February is the Valentine month. While we usually think of Valentine’s Day as a celebration of romantic love or even deep love between close friends, for me, it has always been a celebration of Love within a much larger context.

Ubuntu is an African idea or concept of deep connection and relationship. It literally means “I am because you are.” Or, in wildlife activist Boyd Varty’s words, “People are not people without other people.” He goes on to say, “We get to experience the deepest parts of our humanity through our interactions with others.” It is through our engagement with others that we discover ourselves. We can only fully experience who we are at our essence by being in relationship to others and the world around us. Through our relationships with the world around us, we can learn the greater meaning of Love as the creative and sustaining force behind all that serves and supports us.

This month at the Center For Transformational Presence we celebrate the concept of Ubuntu by celebrating heroes of the heart. While there are many heroes of the heart that all the world recognizes and admires—Mother Teresa, Nelson Mandela, the Dalai Lama, Gandhi, to name a few—there are millions of “heart heroes” all around the globe who most of us never hear of. This month we share some of those lesser-known stories.

Boyd Varty is a wildlife activist and fourth-generation custodian of the Londolozi Game Reserve in South Africa. In his both humorous and deeply moving 15-minute TEDWomen 2013 talk below, he introduces the concept of Ubuntu through personal stories of life on the game reserve.

When Boyd Varty was a child, Nelson Mandela came to spend time at the Londolozi Game Reserve just after being released from prison. Boyd served him breakfast every morning and got to know this great man. As it happened, he delivered this TEDx talk just hours after Nelson Mandela died. In the moment, he titled his talk, “What I Learned From Nelson Mandela” and dedicated the talk to him. Enjoy the video.

 

 

P.S. If you are inspired by Boyd Varty’s story, you might be interested in his forthcoming book, Cathedral of the Wild: An African Journey Home. It is available for pre-order now on amazon.com, both in hardcopy and digital format. I’m looking forward to reading it.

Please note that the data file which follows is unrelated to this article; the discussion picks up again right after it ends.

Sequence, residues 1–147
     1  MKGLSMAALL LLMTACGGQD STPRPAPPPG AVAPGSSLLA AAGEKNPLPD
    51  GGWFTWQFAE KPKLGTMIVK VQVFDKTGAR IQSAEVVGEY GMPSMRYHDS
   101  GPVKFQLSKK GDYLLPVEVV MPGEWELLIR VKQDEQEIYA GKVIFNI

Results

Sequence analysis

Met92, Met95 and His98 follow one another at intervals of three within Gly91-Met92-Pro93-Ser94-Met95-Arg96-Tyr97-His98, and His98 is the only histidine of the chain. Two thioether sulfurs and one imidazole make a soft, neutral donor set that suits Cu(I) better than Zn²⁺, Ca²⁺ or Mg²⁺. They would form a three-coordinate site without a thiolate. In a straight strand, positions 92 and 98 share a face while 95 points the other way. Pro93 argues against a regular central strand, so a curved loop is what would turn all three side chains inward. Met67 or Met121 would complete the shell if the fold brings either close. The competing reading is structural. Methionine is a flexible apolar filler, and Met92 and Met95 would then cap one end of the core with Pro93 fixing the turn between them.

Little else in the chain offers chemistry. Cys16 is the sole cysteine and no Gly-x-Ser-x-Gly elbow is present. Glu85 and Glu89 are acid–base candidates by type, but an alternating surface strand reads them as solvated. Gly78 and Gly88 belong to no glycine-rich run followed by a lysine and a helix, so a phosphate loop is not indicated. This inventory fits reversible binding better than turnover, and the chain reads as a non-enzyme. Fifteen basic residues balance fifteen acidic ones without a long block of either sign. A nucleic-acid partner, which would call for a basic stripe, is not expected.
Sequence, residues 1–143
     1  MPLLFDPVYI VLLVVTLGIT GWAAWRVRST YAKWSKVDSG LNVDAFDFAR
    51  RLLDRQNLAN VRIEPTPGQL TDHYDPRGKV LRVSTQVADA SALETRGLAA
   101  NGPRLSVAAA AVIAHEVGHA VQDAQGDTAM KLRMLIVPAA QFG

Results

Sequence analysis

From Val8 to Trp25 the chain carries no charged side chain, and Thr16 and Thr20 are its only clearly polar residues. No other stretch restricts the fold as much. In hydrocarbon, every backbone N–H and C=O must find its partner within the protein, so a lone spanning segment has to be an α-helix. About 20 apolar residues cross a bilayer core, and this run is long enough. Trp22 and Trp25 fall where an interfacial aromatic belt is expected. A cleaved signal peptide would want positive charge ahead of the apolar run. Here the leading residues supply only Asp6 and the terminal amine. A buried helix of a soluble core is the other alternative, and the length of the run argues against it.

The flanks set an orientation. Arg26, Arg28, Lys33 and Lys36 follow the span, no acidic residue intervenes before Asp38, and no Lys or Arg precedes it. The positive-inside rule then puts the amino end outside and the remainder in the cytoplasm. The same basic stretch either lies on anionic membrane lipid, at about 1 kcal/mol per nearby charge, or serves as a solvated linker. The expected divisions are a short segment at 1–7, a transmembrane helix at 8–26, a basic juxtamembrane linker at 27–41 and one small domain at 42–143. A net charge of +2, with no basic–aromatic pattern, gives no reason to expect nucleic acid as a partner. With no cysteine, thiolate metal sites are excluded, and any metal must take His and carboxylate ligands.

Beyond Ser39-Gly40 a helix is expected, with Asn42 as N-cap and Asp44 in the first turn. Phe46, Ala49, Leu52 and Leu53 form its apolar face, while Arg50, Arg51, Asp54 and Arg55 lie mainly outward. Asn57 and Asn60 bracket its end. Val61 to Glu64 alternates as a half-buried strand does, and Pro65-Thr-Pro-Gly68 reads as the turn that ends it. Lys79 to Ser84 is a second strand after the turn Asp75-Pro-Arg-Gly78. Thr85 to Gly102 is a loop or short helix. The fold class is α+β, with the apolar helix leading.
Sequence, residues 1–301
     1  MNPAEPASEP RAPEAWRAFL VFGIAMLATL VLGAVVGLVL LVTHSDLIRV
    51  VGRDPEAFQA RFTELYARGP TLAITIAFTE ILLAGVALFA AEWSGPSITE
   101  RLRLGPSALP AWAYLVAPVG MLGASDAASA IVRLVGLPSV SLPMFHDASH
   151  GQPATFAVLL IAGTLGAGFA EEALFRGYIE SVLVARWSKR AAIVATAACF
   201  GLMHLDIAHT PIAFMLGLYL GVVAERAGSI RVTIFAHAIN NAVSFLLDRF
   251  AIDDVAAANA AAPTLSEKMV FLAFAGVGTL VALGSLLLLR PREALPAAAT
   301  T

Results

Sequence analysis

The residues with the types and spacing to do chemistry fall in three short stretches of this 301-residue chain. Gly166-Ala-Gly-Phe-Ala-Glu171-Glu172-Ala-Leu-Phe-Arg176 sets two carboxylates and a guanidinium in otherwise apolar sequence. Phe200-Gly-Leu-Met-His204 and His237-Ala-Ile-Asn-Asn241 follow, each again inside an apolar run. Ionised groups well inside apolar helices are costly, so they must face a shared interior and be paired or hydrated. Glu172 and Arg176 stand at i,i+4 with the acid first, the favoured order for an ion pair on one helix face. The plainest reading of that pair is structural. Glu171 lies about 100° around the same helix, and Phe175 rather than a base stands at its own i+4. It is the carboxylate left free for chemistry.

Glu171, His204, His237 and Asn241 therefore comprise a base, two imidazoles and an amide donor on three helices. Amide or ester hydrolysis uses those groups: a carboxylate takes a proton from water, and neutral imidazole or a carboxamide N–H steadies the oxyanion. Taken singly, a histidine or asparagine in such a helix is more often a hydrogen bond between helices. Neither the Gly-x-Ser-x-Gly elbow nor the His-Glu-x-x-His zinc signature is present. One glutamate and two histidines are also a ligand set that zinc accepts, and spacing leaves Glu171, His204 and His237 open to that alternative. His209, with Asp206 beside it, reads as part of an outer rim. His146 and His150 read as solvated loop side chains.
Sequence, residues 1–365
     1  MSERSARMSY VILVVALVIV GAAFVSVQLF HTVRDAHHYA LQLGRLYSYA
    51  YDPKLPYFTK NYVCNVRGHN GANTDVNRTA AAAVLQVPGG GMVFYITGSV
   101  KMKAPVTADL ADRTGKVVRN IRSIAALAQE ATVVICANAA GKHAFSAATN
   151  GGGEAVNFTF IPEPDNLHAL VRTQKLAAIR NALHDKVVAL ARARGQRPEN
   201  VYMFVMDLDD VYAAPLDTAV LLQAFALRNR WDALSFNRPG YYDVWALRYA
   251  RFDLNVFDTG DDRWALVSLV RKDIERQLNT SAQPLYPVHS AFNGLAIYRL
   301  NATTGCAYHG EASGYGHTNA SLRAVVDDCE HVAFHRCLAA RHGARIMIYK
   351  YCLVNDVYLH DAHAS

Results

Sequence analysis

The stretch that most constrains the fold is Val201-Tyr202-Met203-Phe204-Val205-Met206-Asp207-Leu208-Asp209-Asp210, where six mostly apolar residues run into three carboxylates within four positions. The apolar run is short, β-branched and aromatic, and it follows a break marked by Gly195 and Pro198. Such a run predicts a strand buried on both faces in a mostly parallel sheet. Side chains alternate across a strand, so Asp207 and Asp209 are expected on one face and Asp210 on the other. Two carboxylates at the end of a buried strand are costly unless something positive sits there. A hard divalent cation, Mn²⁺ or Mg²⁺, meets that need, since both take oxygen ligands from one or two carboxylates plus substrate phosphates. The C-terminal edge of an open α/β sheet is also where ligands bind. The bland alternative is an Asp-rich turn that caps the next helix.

If you enjoyed this blog post and found it helpful or inspiring, I invite you to subscribe to our free weekly newsletter by clicking here.

 

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February is the Valentine month. While we usually think of Valentine’s Day as a celebration of romantic love or even deep love between close friends, for me, it has always been a celebration of Love within a much larger context.

Ubuntu is an African idea or concept of deep connection and relationship. It literally means “I am because you are.” Or, in wildlife activist Boyd Varty’s words, “People are not people without other people.” He goes on to say, “We get to experience the deepest parts of our humanity through our interactions with others.” It is through our engagement with others that we discover ourselves. We can only fully experience who we are at our essence by being in relationship to others and the world around us. Through our relationships with the world around us, we can learn the greater meaning of Love as the creative and sustaining force behind all that serves and supports us.

This month at the Center For Transformational Presence we celebrate the concept of Ubuntu by celebrating heroes of the heart. While there are many heroes of the heart that all the world recognizes and admires—Mother Teresa, Nelson Mandela, the Dalai Lama, Gandhi, to name a few—there are millions of “heart heroes” all around the globe who most of us never hear of. This month we share some of those lesser-known stories.

Boyd Varty is a wildlife activist and fourth-generation custodian of the Londolozi Game Reserve in South Africa. In his both humorous and deeply moving 15-minute TEDWomen 2013 talk below, he introduces the concept of Ubuntu through personal stories of life on the game reserve.

When Boyd Varty was a child, Nelson Mandela came to spend time at the Londolozi Game Reserve just after being released from prison. Boyd served him breakfast every morning and got to know this great man. As it happened, he delivered this TEDx talk just hours after Nelson Mandela died. In the moment, he titled his talk, “What I Learned From Nelson Mandela” and dedicated the talk to him. Enjoy the video.

 

 

P.S. If you are inspired by Boyd Varty’s story, you might be interested in his forthcoming book, Cathedral of the Wild: An African Journey Home. It is available for pre-order now on amazon.com, both in hardcopy and digital format. I’m looking forward to reading it.

 

If you enjoyed this blog post and found it helpful or inspiring, I invite you to subscribe to our free weekly newsletter by clicking here.

 

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